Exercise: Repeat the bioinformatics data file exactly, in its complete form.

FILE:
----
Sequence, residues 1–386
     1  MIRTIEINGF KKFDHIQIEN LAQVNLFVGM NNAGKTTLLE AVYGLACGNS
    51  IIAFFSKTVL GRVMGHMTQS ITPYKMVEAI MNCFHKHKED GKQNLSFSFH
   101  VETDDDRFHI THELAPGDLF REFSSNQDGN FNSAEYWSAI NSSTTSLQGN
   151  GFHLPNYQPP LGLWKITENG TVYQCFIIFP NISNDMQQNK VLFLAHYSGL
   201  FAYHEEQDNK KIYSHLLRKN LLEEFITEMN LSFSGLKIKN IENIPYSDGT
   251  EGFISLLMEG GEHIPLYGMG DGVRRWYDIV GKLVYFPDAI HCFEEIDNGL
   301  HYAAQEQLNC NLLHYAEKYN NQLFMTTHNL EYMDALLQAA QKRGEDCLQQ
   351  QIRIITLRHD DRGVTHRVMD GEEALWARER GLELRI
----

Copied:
Sequence, residues 1–386
     1  MIRTIEINGF KKFDHIQIEN LAQVNLFVGM NNAGKTTLLE AVYGLACGNS
    51  IIAFFSKTVL GRVMGHMTQS ITPYKMVEAI MNCFHKHKED GKQNLSFSFH
   101  VETDDDRFHI THELAPGDLF REFSSNQDGN FNSAEYWSAI NSSTTSLQGN
   151  GFHLPNYQPP LGLWKITENG TVYQCFIIFP NISNDMQQNK VLFLAHYSGL
   201  FAYHEEQDNK KIYSHLLRKN LLEEFITEMN LSFSGLKIKN IENIPYSDGT
   251  EGFISLLMEG GEHIPLYGMG DGVRRWYDIV GKLVYFPDAI HCFEEIDNGL
   301  HYAAQEQLNC NLLHYAEKYN NQLFMTTHNL EYMDALLQAA QKRGEDCLQQ
   351  QIRIITLRHD DRGVTHRVMD GEEALWARER GLELRI